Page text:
This semester, the Student Government Association (SGA) has brought back the “Revolutionaries” speaker series for a second year.
“Revolutionaries” highlights outstanding faculty at Tech from diverse departments and backgrounds and gives these select professors a chance “to talk not just about boring class stuff,” according to Saif Kabariti, 4th year ME and chair of the Student Faculty Development Committee with SGA.
“Our goal is to inspire Tech students and show what the revolutionaries have done and the difficulties they’ve faced,” said Kabariti.
“We want to look at how we can learn from them and extrapolate from there.”
Dr. David Hu, Fluid Dynamics instructor for the George W. Woodruff School of Mechanical Engineering, gave the first talk of the series on Oct. 1.
Even to students whose eyes would glaze over at the words “fluid dynamics” and “engineering” found themselves enjoying Hu’s talk, which he started off by dedicating his presentation to his mom, who was working on her Ph.D. when he was born.
“I am not a revolutionary. But my mom is a real revolutionary,” he said with a laugh.
Dr. Hu received multiple degrees from MIT where he studied animals from an engineering perspective.
“When I was young, I was interested in animal movement, but just for curiosity’s sake,” he explained. “But my parents are scientists. They always encouraged me to not just enjoy things but to ask questions on how
At MIT, Hu’s main influences were Ig Nobel prize winners, the group of researchers whose studies invoke its students to laugh first and then think. He later on won a coveted Ig Nobel prize himself by studying the hydrodynamics of mammal urination, studying under professors who research phenomena like ponytail bounciness and teapot dribblings from a scientific perspective.
“When I saw him, I thought, this person just looks like they’re playing their entire life. I thought that was a really good path,” he said about the professor who advised him in his research.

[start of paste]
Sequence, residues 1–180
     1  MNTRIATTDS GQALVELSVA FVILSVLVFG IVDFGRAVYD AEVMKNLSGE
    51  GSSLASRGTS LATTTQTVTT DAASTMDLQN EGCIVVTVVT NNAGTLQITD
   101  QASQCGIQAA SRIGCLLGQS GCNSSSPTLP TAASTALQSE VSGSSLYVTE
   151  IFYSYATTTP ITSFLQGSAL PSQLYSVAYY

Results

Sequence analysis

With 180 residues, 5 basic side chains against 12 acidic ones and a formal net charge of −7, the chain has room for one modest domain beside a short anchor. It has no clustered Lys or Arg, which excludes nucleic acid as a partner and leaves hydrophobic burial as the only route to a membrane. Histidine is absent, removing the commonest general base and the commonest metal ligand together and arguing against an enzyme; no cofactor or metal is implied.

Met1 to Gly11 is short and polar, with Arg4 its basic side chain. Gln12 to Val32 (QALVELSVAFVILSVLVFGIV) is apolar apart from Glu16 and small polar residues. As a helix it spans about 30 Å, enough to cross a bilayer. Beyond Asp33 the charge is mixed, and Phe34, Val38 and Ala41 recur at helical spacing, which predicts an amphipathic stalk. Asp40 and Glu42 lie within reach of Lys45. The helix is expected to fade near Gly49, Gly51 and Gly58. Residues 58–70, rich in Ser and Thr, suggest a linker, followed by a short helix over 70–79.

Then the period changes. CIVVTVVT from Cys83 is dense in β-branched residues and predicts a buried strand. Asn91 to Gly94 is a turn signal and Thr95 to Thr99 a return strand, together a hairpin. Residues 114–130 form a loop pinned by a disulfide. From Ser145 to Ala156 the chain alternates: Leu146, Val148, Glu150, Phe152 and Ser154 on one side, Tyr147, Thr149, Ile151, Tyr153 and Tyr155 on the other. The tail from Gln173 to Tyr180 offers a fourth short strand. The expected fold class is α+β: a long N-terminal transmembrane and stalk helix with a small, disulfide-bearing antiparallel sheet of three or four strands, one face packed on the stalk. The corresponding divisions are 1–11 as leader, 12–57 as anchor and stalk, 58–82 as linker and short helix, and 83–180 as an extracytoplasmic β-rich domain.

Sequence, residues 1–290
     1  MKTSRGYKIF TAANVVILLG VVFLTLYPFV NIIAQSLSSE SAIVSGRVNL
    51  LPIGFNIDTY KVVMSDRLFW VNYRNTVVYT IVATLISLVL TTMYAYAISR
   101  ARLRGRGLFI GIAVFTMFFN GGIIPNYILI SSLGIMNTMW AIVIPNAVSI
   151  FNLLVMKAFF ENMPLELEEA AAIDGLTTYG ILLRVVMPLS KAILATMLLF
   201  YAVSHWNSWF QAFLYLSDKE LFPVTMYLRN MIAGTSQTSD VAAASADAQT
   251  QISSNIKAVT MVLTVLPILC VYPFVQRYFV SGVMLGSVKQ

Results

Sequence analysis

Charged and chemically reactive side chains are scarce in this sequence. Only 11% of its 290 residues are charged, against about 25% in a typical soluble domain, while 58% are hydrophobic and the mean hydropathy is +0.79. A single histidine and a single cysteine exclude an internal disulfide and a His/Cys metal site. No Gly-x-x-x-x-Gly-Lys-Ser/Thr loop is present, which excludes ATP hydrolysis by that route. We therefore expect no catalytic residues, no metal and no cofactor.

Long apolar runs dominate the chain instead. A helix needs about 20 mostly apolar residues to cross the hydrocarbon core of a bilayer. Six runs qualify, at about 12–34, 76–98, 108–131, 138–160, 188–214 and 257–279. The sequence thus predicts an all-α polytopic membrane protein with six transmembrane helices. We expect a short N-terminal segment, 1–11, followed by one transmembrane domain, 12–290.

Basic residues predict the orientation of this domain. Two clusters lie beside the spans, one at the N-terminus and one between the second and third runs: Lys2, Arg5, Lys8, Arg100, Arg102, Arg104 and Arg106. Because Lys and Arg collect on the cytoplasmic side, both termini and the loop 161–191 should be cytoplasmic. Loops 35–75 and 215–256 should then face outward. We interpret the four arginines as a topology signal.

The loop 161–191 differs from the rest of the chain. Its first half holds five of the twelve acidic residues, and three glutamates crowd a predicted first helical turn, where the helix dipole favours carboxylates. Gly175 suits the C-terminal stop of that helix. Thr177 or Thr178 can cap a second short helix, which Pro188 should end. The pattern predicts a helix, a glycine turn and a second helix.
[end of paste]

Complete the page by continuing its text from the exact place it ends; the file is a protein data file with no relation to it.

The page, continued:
Hu’s main research was inspired by his childhood interest in animals, specifically the waterbug.How do these waterbugs walk on water, Hu often wondered.
Using high-speed cameras, he observed how only a portion of the leg hair goes underwater so as not to break the surface tension. He described waterbugs as moving across the water “like a trampoline.”
“It’s all because their bodies are the hairiest surface in the world,” Hu explained. “Their legs are the thickness of a human hair but each leg is coated with 10,000 hairs per square millimeter.”
During the course of his talk, Hu showed clips of waterbugs and other animals who move across the water using inertia and surface tension. Then he addressed the audience’s most pressing question: of whether humans could walk on water.
Hu thought it could be possible, but only if a human had a foot with the area of a square meter and an exoskeleton.
“It seems reasonable, like a foot the size of a big garbage lid,” he told the audience.
Additionally, Hu shared about some current projects from his time at Tech, like a patent-pending flexible hairbrush designed based on a 3-D model of a cat tongue. L’Oréal has expressed interest in the project too, but, to the dismay of many in the audience, Hu shared it is not likely the hairbrush will be available in stores anytime soon.
“I learned from this a couple things,” shared Hu at the end of his presentation. “That following your curiosity to its utmost limits is actually a lot of fun, you can build really cool devices just from following things that look interesting, and lastly, teamwork.”
Kabariti, who helped found “Revolutionaries” with SGA in 2018, is one example of a student who has been inspired by the revolutionary faculty at Tech. In fact, he dreams of becoming a professor himself.
“They’re people just like us,” Kabariti said. “They’ve faced imposter syndrome too. Everyone has a chance to be just as great.”